Genesis of a novel Shigella flexneri serotype by sequential infection of serotype-converting bacteriophages SfX and SfI
- Equal contributors
1 State Key Laboratory for Infectious Disease Prevention and Control, National Institute for Communicable Disease Control and Prevention, China CDC, P.O. Box 5, Changping, Beijing, China
2 School of Biotechnology and Biomolecular Sciences, University of New South Wales, Sydney, NSW 2052, Australia
Citation and License
BMC Microbiology 2011, 11:269 doi:10.1186/1471-2180-11-269Published: 30 December 2011
Shigella flexneri is the major pathogen causing bacillary dysentery. Fifteen serotypes have been recognized up to now. The genesis of new S. flexneri serotypes is commonly mediated by serotype-converting bacteriophages. Untypeable or novel serotypes from natural infections had been reported worldwide but have not been generated in laboratory.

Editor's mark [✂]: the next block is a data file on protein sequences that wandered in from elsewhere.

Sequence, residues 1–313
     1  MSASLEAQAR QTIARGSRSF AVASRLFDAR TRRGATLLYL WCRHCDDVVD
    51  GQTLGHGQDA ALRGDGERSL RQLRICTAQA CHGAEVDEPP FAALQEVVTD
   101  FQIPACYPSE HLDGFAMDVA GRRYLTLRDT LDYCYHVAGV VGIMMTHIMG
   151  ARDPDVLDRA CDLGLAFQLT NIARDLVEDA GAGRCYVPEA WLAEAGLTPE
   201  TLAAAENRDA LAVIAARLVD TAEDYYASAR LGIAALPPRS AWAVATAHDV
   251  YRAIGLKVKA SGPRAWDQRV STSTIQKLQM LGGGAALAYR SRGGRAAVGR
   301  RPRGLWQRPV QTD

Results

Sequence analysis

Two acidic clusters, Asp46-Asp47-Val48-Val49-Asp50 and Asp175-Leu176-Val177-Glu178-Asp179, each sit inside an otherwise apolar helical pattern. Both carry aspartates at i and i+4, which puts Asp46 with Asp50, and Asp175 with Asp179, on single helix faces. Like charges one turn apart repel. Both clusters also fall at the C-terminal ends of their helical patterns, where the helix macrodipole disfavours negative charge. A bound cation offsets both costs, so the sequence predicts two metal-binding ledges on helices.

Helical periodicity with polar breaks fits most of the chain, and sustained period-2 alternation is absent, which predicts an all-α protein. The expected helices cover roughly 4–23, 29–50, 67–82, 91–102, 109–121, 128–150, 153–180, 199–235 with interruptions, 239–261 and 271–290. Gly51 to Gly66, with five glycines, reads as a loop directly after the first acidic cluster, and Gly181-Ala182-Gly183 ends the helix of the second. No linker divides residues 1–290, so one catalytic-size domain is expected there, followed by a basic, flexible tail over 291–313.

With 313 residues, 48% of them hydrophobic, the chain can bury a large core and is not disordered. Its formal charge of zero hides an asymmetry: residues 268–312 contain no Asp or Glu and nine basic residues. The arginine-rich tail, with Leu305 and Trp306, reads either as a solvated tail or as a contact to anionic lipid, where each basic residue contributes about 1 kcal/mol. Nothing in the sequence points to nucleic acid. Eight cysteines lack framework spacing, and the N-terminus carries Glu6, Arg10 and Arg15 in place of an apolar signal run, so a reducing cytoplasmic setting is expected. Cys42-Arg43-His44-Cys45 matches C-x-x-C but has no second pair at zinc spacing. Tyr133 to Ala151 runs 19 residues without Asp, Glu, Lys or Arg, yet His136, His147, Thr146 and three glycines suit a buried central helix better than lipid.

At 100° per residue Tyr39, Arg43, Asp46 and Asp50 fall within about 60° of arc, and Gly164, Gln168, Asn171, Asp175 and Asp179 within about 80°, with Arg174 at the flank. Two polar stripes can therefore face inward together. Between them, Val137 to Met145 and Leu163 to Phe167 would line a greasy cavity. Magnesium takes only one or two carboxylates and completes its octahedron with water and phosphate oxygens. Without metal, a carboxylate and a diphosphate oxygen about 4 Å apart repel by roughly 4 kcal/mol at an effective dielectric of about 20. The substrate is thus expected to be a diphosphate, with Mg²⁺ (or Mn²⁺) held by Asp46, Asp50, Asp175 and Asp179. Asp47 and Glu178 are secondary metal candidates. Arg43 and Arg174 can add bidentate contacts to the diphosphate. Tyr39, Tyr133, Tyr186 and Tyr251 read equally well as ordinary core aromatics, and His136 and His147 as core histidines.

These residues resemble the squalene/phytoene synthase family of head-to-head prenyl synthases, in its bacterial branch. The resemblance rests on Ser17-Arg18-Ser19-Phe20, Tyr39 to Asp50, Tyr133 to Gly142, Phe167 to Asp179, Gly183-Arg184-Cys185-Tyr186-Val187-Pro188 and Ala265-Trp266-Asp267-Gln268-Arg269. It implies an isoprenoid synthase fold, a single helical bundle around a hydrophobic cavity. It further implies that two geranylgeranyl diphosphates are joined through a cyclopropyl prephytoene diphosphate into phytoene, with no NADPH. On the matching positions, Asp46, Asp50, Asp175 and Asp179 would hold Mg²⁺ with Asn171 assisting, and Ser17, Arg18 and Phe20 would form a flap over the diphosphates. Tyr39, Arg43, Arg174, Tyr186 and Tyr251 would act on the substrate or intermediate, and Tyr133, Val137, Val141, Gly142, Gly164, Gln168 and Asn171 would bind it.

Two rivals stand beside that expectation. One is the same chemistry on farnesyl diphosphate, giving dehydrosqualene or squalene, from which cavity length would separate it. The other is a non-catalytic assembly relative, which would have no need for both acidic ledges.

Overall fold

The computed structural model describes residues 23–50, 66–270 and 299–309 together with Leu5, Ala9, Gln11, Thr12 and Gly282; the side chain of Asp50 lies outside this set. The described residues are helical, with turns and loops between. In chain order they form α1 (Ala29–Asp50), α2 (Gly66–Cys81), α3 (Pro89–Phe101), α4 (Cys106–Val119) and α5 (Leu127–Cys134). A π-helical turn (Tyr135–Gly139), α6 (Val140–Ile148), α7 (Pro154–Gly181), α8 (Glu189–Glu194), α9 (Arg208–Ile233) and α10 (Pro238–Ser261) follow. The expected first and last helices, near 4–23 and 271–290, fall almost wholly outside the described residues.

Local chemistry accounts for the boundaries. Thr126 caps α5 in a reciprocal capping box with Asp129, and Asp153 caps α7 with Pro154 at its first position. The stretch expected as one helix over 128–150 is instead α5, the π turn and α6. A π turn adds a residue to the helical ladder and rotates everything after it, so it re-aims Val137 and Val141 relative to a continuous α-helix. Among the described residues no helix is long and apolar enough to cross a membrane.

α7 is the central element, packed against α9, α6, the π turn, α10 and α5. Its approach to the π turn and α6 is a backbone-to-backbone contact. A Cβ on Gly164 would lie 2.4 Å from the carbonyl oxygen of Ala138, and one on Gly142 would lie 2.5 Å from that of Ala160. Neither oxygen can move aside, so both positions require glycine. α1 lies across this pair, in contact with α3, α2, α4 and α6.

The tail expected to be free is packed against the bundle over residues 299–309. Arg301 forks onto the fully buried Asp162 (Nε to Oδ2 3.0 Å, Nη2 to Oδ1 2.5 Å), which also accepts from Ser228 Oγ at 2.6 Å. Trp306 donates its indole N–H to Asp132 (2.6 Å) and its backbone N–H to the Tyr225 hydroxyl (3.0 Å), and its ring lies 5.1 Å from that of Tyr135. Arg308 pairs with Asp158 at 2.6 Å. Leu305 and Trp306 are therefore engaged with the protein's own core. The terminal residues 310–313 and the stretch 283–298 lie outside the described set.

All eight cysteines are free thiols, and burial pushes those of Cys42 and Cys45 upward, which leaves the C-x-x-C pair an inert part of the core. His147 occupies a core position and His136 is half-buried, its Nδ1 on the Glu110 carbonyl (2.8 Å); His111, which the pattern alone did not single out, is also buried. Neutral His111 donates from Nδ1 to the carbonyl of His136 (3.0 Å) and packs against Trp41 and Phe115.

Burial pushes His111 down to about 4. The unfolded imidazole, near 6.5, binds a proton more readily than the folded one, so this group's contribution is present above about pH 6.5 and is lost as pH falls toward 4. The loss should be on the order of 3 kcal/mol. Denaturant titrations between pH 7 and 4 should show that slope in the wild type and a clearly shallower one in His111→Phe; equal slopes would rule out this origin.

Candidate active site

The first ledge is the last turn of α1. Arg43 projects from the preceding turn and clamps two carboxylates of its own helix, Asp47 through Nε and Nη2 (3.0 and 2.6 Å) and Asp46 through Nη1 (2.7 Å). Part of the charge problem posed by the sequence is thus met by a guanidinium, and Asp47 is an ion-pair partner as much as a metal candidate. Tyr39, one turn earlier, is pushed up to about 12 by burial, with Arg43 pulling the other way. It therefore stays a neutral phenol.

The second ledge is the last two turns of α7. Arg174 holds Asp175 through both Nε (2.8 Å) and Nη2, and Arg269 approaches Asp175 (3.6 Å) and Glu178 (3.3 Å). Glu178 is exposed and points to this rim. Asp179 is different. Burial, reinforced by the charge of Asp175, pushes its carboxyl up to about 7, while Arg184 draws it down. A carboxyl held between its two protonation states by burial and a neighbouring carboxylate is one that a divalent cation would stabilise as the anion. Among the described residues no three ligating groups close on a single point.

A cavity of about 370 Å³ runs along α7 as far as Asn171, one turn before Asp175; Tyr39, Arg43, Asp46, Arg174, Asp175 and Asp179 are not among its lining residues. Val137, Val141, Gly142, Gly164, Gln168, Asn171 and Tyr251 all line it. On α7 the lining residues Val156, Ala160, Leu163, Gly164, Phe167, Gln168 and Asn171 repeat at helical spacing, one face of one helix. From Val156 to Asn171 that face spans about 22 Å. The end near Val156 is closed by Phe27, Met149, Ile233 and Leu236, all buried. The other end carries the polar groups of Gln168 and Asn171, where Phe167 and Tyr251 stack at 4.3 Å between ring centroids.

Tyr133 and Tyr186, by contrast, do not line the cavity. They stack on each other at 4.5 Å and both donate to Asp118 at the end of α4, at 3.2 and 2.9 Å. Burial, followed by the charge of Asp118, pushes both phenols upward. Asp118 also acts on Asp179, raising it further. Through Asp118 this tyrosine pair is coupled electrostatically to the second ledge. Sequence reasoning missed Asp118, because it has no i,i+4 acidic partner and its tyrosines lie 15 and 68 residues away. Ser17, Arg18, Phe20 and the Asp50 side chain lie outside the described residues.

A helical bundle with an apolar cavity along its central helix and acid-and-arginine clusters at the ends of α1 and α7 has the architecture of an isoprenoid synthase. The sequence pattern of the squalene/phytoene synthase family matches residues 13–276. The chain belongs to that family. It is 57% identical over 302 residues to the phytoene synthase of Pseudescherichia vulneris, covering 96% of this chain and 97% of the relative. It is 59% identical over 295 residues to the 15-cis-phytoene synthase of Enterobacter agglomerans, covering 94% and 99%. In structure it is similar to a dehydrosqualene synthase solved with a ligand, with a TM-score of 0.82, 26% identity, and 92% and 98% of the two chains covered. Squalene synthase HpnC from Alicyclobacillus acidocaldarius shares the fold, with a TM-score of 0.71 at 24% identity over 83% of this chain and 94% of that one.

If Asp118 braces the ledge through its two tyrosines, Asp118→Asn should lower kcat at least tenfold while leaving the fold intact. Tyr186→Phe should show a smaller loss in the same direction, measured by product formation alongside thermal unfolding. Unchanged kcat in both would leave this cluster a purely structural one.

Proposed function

A new S. flexneri serotype-serotype 1 d was generated when a S. flexneri serotype Y strain (native LPS) was sequentially infected with 2 serotype-converting bacteriophages, SfX first and then SfI. The new serotype 1 d strain agglutinated with both serotype X-specific anti-7;8 grouping serum and serotype 1a-specific anti- I typing serum, and differed from subserotypes 1a, 1b and 1c. Twenty four S. flexneri clinical isolates of serotype X were all converted to serotype 1 d by infection with phage SfI. PCR and sequencing revealed that SfI and SfX were integrated in tandem into the proA-yaiC region of the host chromosome.
These findings suggest a new S. flexneri serotype could be created in nature. Such a conversion may be constrained by susceptibility of a strain to infection by a given serotype-converting bacteriophage. This finding has significant implications in the emergence of new S. flexneri serotypes in nature.